The University of Dallas will welcome the class of 2019 this fall, adding exactly 399 new faces to campus, and making this year’s incoming freshman class the largest in the university’s history. This is an improvement from last year’s freshman class of 380 students. Hailing from 43 states, 270 cities, and seven countries, the class of 2019 is notable not only for its size, but also for its academic success at the high school level. With 15 national merit scholarship finalists and an average GPA of 3.81, this class is highly anticipated at UD. The majority of this year’s growth came from the academic top tier, which averages a 1396 SAT and 4.25 GPA, strengthening the academic statistics of the class of 2019. The size, however, may raise new challenges for the university.
“We need to make sure we have both enough teachers to keep class sizes small and enough opportunities to go to Rome so everyone who wants to and qualifies can,” Associate Dean of Constantin College Dr. Scott Crider said.
According to Dr. Crider, the university has already taken steps to eliminate any challenges that may result from this larger class size with the addition of new faculty members and the implementation of the summer Rome program. The Rome office has also made changes to the applications for the program in regard to preferences of semester to ensure that both semesters are fully enrolled.
“This involves an adjustment to our application procedure such that students will be assigned to a Rome semester taking into account academic and activity commitments and, when possible, personal concerns as well,” Director of Rome and Summer Programs Rebecca Davies said. “We hope to have as many students as possible take advantage of the wonderful academic, spiritual and social opportunity (sic) the UD Rome experience provides.”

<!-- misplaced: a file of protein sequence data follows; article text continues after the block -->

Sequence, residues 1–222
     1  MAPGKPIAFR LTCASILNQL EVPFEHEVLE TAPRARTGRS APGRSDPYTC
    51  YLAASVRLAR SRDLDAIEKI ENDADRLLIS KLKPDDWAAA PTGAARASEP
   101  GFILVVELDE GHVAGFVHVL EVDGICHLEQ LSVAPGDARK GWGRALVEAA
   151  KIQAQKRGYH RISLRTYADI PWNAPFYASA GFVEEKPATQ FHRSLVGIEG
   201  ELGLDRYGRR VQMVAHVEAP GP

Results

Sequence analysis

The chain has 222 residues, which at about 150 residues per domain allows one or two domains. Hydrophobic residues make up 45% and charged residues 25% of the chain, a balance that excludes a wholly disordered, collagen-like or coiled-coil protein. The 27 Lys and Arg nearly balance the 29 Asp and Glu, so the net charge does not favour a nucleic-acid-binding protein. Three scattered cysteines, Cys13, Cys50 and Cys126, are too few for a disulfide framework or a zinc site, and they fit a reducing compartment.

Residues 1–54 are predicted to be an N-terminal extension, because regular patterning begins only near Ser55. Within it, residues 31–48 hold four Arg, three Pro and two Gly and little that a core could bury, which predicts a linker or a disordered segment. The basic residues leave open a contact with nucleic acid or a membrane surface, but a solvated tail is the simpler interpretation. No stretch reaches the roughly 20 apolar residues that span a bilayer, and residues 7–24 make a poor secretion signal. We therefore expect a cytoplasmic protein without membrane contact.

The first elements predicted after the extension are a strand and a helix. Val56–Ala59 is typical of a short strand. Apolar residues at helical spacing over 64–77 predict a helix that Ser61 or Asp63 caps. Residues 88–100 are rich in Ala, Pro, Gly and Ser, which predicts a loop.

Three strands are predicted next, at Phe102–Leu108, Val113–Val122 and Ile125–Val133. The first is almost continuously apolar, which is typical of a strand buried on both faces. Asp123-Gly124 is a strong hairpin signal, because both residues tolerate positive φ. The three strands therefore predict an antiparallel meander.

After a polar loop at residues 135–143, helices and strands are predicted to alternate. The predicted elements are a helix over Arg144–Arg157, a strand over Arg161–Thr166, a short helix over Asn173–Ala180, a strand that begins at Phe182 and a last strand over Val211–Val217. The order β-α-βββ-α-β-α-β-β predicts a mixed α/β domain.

As for the academic talent of the class of 2019, Dr. Crider notes that academic preparation helps students, but does not spare them from the academic rigor of UD.
“All of our students find that UD makes great demands upon us all, demands that reveal and test our limits,” Crider said. “A liberal education requires intellectual, imaginative and spiritual courage.”
Many incoming freshmen chose to attend UD because of the challenging liberal arts education that Crider described. One such student, freshman Valeria Hernandez, traveled all the way from El Salvador to become a Crusader.
“I really like the intellectual and spiritual atmosphere around campus,” Hernandez said. “However, my main reason for attending UD was the availability of having a small community for myself to provide academic success and a big city within minutes to keep me entertained.”
If the thrill of Dallas does not entertain them, the university offers many student activities on campus for the incoming class to get involved in — and for a class of overachievers such as this one, there is no telling what they will accomplish at UD.
“I hope to get involved with international groups, psychology groups and take some salsa and yoga classes.” Hernandez said. “I also hope to join Student Programming at UD and to really get involved in Charity Week.”
Dr. Crider believes that even students who do not consider themselves to be successful will discover new skills and talents at UD.
“Some of the incoming stars will be UD stars, but some students who do not even realize they are talented will also be UD stars,” Dr. Crider said.
Assistant Director of Student Activities Catherine Duplant voiced her excitement for the large incoming class. “The more students, the merrier,” Duplant said. “I am very happy to see so many exceptional students join our UD community.”
Senior Vice President for Enrollment and Student Affairs John Plotts echoed Duplant’s excitement. “It is rewarding for us to see so many outstanding young people showing interest in and ultimately attending the University of Dallas.” Plotts said. “Our applicant pool grew by roughly 33% this year—so the word is getting out—UD is a great school!”
No matter their previous successes that they bring to the university, Dr. Crider says that the class of 2019 ultimately must take responsibility for its own future.
“The incoming class, like every other UD class, will experience a great education if it wants it,” Dr. Crider said. “But it’s got to want it.”